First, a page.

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The World Federation for Mental Health established World Mental Health Day on 10 October 1992 and this years campaign is centered around ‘young people and mental health in a changing world.’
With advances in technology and the growing desire of young people to be ‘online’ comes the increased risk of cyber bullying. Most teens and young people are tech savvy and love nothing more than to have the latest gadget to keep in touch with friends online but when hormones flare and arguments erupt trolling an become an issue leading to low mood and depression which can trigger self-harm and potentially suicide. The WFMH want to raise awareness and #EndCyberBullying by raising aware of the effects that it can have and including it when mental health is being discussed.
Mental Illness and Young People
Being a teenager or young person can often be overwhelming. Having to cope with exam stress and relationship problems can make life difficult enough but for a young person with a mental disorder everyday can be a struggle. As assessments of young people take several years due to a change in hormone levels it is often difficult for mental Illness to be diagnosed until adulthood but treatment is available for those suffering from Child and Adolescence Mental Health Services which is known as CAMHS. Sometimes referrals to CAMHS for community based treatments such as counselling take several months. These delays can lead to a decline in a young person’s mental health which results in them requiring treatment in an in-patient unit. Due to a shortage in inpatient beds for young people, sufferers are often removed from their family home and placed in hospital hundreds of miles from where they live. This can be a really frightening experience and leave them feeling alone and vulnerable. If they are sectioned under the Mental Health Act 1983 they have the right to appeal against their section or request a transfer to a hospital closer to their family home. Robyn Mayoh, our mental health solicitor is on hand to offer advice and support to those who are detained. For more information she can be contacted on 01422 254629.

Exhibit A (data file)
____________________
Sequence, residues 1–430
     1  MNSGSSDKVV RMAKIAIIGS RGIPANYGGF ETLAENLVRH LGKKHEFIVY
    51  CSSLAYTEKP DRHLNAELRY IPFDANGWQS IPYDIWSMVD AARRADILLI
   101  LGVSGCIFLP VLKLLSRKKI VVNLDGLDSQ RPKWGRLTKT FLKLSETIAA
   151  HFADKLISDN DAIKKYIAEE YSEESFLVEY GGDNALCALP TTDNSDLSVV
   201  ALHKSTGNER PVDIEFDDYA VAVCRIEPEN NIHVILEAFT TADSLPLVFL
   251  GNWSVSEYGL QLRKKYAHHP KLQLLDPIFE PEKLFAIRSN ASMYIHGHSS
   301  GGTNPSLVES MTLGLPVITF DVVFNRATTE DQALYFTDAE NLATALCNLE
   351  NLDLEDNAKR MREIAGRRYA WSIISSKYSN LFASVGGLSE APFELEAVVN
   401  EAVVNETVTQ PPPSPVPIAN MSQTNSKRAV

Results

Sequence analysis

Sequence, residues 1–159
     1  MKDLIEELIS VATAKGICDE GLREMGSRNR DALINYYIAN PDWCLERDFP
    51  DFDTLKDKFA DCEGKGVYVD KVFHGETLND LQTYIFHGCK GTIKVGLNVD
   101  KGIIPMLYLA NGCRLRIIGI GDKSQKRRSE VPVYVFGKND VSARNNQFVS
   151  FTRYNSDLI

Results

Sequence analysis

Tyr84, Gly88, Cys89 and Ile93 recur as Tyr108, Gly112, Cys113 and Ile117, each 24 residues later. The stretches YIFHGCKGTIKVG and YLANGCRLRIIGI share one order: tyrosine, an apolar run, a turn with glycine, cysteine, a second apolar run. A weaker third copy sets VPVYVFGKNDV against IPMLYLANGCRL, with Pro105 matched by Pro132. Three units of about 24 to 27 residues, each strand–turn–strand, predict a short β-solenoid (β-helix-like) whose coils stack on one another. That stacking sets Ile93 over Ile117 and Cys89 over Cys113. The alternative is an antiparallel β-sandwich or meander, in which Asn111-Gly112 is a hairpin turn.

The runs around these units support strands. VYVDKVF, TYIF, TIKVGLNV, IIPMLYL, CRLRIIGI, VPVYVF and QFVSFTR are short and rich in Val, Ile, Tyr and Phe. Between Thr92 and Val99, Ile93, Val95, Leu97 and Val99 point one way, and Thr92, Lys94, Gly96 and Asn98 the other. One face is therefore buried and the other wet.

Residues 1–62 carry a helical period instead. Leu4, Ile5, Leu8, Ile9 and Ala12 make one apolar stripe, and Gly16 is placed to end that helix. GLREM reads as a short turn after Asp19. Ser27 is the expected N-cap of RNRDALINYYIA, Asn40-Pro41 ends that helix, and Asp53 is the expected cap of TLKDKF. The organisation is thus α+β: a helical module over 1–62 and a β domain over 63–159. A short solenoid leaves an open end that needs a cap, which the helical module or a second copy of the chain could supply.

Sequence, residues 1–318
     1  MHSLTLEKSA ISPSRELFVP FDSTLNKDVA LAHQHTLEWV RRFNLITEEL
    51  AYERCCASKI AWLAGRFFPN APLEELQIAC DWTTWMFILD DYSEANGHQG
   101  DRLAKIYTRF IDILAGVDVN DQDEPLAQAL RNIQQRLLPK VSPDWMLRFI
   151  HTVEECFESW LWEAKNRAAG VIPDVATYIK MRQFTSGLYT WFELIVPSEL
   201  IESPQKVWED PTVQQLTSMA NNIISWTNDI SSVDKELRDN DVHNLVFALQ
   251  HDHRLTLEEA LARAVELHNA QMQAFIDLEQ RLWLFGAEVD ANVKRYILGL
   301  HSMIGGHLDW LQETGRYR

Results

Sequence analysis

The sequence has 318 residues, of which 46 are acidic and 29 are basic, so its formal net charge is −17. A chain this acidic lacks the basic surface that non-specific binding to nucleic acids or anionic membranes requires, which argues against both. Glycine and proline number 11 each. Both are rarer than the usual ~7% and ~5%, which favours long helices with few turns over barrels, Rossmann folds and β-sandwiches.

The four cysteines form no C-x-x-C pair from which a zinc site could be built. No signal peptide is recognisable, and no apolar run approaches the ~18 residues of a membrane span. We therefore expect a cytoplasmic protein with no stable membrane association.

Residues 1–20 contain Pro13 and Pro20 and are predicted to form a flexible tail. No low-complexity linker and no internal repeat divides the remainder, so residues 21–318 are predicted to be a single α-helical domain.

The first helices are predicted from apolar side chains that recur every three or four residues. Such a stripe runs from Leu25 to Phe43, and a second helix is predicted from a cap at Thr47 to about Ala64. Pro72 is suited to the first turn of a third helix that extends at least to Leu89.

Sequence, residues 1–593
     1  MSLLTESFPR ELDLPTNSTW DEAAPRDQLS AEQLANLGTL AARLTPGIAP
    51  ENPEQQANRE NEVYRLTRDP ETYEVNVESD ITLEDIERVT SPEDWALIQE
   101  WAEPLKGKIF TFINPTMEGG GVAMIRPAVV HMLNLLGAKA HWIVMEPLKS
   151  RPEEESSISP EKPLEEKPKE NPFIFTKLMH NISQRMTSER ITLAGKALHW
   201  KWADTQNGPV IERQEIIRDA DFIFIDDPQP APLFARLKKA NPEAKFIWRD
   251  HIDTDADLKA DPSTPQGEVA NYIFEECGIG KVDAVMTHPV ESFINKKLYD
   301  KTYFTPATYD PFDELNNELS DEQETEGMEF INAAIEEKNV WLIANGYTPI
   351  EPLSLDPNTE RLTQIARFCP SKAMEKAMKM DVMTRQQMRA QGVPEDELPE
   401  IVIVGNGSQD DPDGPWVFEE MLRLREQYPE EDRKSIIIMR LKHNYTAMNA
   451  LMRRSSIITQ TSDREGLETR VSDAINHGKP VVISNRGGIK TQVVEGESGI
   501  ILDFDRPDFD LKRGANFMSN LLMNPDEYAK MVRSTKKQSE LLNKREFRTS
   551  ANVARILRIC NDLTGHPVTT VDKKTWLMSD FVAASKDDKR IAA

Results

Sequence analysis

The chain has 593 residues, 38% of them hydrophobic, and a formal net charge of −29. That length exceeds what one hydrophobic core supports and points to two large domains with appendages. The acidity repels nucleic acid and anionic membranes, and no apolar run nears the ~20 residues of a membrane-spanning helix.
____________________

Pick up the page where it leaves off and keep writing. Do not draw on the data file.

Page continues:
The effects of Trauma on Young People
A traumatic event such as violence, physical or sexual abuse or neglect will undoubtedly have impact upon a child’s mental or emotional wellbeing. Although more survivors are coming forward to obtain support from mental health services it can take time for them to disclose the abuse they have been exposed to. They will require support in making that first report to family members, the Police or other Authorities as appropriate. The whole process is extremely daunting and it is therefore crucial that they have support from Mental Health Services. Natalie Marrison, Head of Abuse is on hand at Ramsdens provide more information to survivors with regard to reporting on Mental Health support services. For a confidential discussion she can be contacted on 0113 887 1834.